Sunday, January 28, 2007

Here's the elephant in the room: we need healthcare NOT insurance.

Nobody will acknowledge that there's something ghoulish about making a profit from illness and that healthcare should be the right of every American, even though providing it would solve the biggest economic problem of the middle and working classes, and wipe out more than half of the country's bankruptcies.

In the 1940s Henry J. Kaiser offered healthcare coverage to attract workers because we were at war and needed to build ships. It worked. Sixty years later the world has changed and tying healthcare to one's job no longer works. It's time for the federal government to step up to the plate and solve the problem by expanding Medicare. The administrative savings alone would likely yield sufficient revenues to provide comprehensive healthcare services including vision, dental, and prescription drugs to everybody in the country.

But, you argue, The market place is the best provider of such services - except that flies in the face of the obvious: if that were true, it would already have happened. The fact is, "market forces" can't handle the job. Administrative costs for Medicare are less than 2% while the insurance industry causes up to 1/3 of revenues to be spent on same.

Compare: The Austrian government spends 9.6% of its GDP on healthcare and everybody in the country is covered. We spend 15% of our GDP on healthcare and 47 million of us have NO healthcare. I am convinced that by expanding Medicare to cover everybody the cost of healthcare in the U.S. could be provided for about 10% of our GDP.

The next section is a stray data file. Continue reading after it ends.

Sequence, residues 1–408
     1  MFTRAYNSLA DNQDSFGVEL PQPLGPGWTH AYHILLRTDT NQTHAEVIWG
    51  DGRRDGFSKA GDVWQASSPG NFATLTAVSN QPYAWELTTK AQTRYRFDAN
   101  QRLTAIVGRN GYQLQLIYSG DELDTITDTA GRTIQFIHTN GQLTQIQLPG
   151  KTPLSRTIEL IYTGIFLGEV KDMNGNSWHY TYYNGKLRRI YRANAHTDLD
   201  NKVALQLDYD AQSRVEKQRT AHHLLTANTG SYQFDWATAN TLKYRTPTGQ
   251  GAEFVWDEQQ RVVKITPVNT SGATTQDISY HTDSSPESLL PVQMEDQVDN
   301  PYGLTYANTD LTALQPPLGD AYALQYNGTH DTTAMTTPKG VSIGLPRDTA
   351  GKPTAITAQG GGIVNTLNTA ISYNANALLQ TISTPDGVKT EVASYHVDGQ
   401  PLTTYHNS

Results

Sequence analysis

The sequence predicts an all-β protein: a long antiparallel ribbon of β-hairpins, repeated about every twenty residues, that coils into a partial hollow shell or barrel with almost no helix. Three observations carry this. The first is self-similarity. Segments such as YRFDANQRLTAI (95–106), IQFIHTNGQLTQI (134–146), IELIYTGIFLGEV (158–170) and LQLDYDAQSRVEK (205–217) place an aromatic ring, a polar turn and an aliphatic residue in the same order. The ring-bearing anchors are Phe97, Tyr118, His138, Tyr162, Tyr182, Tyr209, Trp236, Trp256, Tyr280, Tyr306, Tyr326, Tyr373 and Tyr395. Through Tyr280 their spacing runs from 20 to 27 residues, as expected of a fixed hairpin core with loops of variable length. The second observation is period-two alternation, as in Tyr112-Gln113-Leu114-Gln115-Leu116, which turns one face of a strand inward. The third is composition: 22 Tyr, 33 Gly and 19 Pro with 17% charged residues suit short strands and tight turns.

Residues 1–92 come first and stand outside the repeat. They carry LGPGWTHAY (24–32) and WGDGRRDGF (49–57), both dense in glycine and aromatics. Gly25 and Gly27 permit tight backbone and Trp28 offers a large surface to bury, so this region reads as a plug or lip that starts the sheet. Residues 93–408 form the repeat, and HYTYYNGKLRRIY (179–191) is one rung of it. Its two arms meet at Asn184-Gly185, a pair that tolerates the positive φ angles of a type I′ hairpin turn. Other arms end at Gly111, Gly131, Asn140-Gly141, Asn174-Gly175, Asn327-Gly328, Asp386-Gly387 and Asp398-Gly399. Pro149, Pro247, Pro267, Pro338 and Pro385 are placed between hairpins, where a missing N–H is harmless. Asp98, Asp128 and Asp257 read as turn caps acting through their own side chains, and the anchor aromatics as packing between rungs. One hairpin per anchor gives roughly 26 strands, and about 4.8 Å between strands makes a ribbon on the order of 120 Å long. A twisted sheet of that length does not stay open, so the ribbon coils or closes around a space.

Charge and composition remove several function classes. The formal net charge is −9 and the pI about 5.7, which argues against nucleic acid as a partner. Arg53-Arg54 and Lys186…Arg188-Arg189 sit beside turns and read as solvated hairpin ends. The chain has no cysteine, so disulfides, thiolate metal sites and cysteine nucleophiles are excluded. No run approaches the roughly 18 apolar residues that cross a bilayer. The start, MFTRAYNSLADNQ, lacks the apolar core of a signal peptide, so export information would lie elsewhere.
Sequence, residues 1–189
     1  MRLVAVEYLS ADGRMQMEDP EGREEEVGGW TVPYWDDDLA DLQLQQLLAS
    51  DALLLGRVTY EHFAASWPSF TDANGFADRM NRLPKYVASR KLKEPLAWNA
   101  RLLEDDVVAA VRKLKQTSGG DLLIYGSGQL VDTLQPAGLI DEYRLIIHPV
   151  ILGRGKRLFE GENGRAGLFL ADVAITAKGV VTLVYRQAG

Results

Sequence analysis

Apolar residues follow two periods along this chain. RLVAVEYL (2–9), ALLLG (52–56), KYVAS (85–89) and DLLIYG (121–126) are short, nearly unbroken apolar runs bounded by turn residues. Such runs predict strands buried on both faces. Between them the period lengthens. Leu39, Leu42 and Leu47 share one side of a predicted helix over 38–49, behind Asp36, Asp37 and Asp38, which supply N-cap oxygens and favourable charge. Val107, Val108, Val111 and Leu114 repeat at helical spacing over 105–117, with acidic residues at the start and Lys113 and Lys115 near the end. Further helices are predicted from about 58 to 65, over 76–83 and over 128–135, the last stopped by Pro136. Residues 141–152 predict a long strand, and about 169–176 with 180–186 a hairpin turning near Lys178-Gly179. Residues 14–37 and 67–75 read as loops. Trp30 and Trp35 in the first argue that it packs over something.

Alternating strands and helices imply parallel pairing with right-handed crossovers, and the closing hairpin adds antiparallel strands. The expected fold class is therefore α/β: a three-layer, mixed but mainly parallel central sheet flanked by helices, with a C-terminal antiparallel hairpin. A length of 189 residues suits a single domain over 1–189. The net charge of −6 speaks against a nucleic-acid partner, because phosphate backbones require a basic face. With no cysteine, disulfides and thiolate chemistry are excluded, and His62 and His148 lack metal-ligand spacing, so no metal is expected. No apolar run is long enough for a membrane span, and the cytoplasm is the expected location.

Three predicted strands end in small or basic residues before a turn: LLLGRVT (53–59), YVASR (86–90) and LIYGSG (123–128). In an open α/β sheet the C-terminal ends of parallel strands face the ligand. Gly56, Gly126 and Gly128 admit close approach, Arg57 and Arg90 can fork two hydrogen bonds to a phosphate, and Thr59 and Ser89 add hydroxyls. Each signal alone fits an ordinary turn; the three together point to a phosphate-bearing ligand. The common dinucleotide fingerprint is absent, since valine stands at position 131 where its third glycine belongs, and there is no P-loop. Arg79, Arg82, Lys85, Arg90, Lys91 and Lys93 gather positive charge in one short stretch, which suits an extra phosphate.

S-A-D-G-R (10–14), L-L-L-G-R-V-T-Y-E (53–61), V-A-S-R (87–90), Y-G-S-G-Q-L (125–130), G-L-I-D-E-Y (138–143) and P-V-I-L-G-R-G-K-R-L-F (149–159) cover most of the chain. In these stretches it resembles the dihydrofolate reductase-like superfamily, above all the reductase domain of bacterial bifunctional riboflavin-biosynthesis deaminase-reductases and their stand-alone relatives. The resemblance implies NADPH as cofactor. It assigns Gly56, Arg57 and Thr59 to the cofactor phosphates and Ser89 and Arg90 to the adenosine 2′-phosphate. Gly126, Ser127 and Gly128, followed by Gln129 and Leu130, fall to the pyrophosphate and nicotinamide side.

The pols and corporate community still don't get it - or they just don't have the guts to do what's right. Talk truth to power: a) Remind the insurance industry that causing 1/3 of revenues to be spent on administrative costs has priced them out of the market, b) Acknowledge that single payer healthcare is NOT socialized medicine.

With single payer healthcare every American would still choose their favorite doctor, hospital, dentist and drugstore - each of whom would continue to operate independently. The only difference? They would receive payment from one source rather than from 50 (or more) sources. The cost savings would be HUGE.

The time has come. America needs single payer healthcare and there no longer exists any logical argument against it.

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